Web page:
And sought thy shores, fair Tasman’s isle,
Now witness of his widow’s tears.

Two daughters weep in weeds of woes,
Three sons now mourn a parent gone,
And friends a tear of grief bestow,
To honor the departed one;
And while we mourn our friend’s decease,
The generous, noble, and the kind,
He died, as he had lived, in peace,
We trust with God and all mankind.

J. NEVIN
Kangaroo Valley

*He served as Armorer in the Royal Regiment, with the Author, in the Canadian Rebellion of 1839, it was a very severe winter.

Source: Weekly Times (Hobart Town, Tas. : 1863), Saturday 29 August 1863, page 6

Obituaries for James William CHISHOLM
These obituaries provide a few more details not mentioned in John Nevin’s poem, namely –

  • James William Chisholm was buried at St. David’s Cemetery, Davey St. Hobart
  • he was for many years armorer in Edinburgh Castle
  • he was armorer in the 1st Royals and the 7th Royal Fusiliers
  • he was connected to the War Department in Tasmania
  • he was a member of the First Rifles (Volunteers)
  • he was buried with military honors
  • his residence was 70 Brisbane Street, Hobart
  • his funeral procession was headed by the firing party with arms reversed
  • the Battalion Band played “The Dead March”
  • the funeral procession included Mason companions of the R.A.C., 781, E.C.
  • three vollies were fired over the grave after the service was read
  • the Masons each “cast” a sprig of acacia on the coffin

Source: The Mercury (Hobart, Tas. : 1860 – 1954) Tue 7 Jul 1863 Page 2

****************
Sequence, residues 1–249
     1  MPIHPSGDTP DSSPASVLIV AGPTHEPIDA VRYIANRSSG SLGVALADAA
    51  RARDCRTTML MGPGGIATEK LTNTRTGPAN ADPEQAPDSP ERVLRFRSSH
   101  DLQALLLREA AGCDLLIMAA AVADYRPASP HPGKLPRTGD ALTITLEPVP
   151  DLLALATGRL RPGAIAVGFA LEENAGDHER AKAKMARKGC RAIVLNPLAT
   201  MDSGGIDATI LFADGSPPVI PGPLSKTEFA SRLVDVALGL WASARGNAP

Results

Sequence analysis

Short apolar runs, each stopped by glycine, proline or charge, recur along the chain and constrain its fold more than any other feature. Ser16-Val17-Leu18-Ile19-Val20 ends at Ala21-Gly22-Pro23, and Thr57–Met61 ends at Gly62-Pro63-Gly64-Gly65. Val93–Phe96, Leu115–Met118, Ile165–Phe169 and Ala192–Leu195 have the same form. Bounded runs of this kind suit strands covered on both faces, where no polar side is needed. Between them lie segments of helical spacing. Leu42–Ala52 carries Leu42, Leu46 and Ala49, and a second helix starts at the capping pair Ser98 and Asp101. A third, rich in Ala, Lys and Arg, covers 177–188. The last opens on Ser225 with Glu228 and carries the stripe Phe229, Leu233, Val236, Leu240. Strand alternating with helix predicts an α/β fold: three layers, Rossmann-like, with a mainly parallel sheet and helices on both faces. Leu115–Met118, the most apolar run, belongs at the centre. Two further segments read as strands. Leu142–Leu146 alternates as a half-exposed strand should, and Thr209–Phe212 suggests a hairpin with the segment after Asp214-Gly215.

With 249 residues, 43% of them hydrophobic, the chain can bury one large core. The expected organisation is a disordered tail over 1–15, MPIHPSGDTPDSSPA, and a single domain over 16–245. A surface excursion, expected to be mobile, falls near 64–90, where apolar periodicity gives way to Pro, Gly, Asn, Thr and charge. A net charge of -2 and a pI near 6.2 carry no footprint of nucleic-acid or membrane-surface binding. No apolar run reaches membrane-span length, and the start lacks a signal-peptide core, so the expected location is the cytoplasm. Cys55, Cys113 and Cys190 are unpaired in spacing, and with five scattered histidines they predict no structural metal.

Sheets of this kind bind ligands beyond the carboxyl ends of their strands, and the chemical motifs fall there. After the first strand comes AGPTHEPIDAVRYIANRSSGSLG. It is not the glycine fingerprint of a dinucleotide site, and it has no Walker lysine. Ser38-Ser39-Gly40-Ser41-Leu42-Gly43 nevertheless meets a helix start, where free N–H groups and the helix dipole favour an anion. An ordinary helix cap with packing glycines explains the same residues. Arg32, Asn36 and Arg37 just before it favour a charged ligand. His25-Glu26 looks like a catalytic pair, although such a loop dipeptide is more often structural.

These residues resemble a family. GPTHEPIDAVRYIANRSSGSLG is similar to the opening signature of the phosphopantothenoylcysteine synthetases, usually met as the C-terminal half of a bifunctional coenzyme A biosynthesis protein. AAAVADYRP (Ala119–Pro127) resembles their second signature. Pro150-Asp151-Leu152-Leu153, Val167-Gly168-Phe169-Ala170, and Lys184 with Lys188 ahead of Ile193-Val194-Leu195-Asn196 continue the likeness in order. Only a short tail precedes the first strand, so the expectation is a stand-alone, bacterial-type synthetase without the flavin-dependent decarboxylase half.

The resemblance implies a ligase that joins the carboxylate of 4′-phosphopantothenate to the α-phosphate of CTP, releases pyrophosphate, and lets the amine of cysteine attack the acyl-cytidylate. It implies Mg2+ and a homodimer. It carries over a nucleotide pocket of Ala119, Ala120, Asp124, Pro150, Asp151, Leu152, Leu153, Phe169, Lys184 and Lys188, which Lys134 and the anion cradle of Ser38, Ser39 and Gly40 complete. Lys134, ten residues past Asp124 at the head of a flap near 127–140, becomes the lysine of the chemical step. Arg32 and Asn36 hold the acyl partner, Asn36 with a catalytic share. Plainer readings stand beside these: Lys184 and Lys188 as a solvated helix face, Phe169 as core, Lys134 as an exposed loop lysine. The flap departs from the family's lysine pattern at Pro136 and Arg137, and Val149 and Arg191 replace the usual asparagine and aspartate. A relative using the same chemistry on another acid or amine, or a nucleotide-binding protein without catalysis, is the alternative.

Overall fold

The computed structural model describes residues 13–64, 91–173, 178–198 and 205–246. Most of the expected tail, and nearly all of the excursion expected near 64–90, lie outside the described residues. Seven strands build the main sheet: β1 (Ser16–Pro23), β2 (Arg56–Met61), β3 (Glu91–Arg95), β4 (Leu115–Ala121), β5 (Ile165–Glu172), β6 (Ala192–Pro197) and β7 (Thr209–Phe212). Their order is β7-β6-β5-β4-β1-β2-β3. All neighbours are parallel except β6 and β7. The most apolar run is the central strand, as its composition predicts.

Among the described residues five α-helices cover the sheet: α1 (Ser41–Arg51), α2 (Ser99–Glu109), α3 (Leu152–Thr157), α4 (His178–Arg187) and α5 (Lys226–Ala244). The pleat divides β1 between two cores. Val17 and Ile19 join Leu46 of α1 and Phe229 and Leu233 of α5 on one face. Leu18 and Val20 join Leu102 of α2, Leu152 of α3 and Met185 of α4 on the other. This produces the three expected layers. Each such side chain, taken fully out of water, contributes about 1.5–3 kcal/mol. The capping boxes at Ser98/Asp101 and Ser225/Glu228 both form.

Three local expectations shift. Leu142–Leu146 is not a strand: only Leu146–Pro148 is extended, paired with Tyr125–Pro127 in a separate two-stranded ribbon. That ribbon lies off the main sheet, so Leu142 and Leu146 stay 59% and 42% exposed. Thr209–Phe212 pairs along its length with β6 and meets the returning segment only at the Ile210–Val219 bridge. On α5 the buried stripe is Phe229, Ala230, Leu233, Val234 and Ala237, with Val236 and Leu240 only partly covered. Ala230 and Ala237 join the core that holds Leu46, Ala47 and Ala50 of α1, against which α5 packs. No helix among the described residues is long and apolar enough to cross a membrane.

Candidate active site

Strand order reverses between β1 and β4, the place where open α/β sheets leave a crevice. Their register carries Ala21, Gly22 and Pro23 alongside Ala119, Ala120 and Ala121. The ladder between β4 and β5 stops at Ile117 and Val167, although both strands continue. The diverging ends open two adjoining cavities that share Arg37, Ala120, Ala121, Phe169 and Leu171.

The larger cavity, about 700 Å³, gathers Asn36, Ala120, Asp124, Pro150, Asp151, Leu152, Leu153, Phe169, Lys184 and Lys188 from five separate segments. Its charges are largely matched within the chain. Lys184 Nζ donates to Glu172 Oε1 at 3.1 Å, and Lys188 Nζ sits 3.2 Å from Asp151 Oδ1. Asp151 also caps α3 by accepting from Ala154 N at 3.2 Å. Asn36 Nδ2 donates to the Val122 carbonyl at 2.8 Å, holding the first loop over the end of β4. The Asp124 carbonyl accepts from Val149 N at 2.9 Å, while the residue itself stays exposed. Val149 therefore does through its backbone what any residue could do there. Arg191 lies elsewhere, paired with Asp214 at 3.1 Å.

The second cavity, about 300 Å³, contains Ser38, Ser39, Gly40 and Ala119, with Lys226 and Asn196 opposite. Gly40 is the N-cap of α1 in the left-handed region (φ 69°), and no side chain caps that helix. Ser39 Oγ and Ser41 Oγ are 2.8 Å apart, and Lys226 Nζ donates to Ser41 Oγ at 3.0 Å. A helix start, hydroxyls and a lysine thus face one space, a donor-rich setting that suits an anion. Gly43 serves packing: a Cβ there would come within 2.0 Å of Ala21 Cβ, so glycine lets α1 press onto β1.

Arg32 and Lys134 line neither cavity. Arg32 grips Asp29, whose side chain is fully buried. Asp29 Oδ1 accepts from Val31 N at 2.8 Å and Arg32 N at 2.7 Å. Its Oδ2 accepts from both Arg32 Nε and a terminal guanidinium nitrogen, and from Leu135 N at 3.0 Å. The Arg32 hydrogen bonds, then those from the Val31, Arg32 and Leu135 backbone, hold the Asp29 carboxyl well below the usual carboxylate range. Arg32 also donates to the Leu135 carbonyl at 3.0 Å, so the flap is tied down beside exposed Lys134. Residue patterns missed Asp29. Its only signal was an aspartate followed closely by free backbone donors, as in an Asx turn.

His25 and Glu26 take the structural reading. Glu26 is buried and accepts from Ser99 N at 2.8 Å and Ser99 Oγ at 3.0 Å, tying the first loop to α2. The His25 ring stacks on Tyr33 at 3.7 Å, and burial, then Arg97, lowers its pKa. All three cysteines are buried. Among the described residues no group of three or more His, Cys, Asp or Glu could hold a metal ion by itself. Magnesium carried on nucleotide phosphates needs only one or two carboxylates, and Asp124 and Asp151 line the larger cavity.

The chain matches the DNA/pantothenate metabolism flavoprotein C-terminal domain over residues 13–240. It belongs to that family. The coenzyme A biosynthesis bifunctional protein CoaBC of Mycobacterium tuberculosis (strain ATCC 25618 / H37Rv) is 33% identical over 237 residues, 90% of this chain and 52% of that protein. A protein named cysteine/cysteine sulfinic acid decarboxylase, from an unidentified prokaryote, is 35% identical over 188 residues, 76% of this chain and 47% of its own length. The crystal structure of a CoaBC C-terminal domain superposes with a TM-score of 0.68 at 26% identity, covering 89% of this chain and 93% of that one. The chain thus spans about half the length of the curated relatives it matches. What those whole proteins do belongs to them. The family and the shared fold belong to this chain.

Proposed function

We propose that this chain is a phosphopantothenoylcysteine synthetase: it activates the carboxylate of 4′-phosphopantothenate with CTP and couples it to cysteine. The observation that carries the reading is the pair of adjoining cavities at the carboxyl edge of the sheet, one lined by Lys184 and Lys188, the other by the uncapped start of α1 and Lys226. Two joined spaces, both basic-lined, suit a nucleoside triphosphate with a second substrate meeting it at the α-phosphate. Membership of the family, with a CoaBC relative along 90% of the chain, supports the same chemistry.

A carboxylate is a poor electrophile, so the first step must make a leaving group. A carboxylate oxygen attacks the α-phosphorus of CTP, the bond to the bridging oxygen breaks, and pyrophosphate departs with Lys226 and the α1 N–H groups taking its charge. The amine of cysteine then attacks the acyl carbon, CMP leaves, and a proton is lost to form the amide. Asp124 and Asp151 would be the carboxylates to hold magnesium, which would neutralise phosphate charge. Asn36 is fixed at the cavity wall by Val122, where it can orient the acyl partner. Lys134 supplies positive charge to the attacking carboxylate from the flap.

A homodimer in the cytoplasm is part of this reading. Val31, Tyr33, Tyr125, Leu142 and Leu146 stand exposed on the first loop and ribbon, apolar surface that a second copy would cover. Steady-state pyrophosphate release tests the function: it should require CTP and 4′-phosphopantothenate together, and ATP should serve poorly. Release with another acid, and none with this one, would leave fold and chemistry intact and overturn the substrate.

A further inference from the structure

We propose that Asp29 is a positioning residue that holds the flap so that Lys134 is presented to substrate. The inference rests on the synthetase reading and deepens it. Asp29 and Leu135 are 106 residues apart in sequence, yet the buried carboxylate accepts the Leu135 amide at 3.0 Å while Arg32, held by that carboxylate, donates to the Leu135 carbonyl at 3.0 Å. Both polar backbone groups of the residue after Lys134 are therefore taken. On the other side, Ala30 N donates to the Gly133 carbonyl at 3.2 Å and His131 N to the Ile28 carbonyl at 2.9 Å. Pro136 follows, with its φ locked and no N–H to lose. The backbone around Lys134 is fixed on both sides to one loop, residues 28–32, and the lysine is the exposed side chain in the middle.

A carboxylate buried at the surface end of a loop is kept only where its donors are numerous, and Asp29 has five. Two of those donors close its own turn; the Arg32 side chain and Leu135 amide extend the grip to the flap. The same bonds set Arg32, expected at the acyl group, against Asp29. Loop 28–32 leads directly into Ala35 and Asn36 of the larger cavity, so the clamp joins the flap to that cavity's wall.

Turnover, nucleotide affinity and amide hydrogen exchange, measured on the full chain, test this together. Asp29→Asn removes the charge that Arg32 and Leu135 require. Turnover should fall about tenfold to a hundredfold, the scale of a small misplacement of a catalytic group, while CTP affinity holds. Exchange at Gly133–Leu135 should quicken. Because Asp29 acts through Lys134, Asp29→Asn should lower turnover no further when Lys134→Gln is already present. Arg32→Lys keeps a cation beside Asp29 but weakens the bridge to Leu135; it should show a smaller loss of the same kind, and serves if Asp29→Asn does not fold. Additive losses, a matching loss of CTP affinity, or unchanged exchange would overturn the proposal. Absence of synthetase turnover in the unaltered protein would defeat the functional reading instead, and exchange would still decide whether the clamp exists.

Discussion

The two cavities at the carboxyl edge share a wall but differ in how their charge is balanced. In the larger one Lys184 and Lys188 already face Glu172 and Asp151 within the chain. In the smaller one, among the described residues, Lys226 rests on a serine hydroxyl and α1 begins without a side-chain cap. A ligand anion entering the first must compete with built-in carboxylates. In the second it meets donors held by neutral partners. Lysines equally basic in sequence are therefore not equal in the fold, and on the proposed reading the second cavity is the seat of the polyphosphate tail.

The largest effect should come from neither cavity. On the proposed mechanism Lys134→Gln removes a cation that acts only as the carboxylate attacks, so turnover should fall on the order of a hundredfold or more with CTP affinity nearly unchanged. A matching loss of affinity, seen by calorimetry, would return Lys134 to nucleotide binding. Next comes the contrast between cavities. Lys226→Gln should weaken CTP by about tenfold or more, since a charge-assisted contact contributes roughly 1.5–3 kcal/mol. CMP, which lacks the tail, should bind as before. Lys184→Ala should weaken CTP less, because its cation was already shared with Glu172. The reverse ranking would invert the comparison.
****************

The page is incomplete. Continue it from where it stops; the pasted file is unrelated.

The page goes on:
TRANSCRIPT

VOLUNTEER’S FUNERAL – Yesterday afternoon the mortal remains of Mr. James William Chisholm were consigned to their last resting place in St. David’s Cemetery. Mr. Chisholm was for many years armorer in Edinburgh Castle, and subsequently in the 1st Royals and the 7th Royal Fusiliers, and up to the time of his decease was connected with the War Department in Tasmania. The deceased being a member of the First Rifles (Volunteers) he was buried with military honors. The procession started from Mr. Chisholm’s late residence in Brisbane-street, headed by the firing party with arms reversed, and the Battalion Band playing “The Dead March”. The hearse, containing the coffin, was followed by officers and members of the various corps of Volunteers, and the procession was closed by the personal friends of the deceased, and the companions of the R.A.C., 781, E.C., Mr. Chisholm having been a mason of high standing. The funeral service was read by the Rev. Mr. Hudspeth, and at at its conclusion three vollies were fired over the grave, and then the masons approached, and each cast upon the coffin a sprig of acacia, that shrub bearing a symbolic signification known only to members of the craft.

Source: The Mercury (Hobart, Tas. : 1860 – 1954) Tue 7 Jul 1863 Page 2